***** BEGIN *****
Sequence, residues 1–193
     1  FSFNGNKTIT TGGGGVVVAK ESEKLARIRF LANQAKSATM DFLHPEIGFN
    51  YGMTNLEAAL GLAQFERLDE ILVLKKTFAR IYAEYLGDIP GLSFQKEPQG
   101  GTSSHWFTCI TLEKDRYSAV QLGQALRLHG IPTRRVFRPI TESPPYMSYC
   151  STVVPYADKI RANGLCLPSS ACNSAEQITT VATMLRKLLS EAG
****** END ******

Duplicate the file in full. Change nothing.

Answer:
Sequence, residues 1–193
     1  FSFNGNKTIT TGGGGVVVAK ESEKLARIRF LANQAKSATM DFLHPEIGFN
    51  YGMTNLEAAL GLAQFERLDE ILVLKKTFAR IYAEYLGDIP GLSFQKEPQG
   101  GTSSHWFTCI TLEKDRYSAV QLGQALRLHG IPTRRVFRPI TESPPYMSYC
   151  STVVPYADKI RANGLCLPSS ACNSAEQITT VATMLRKLLS EAG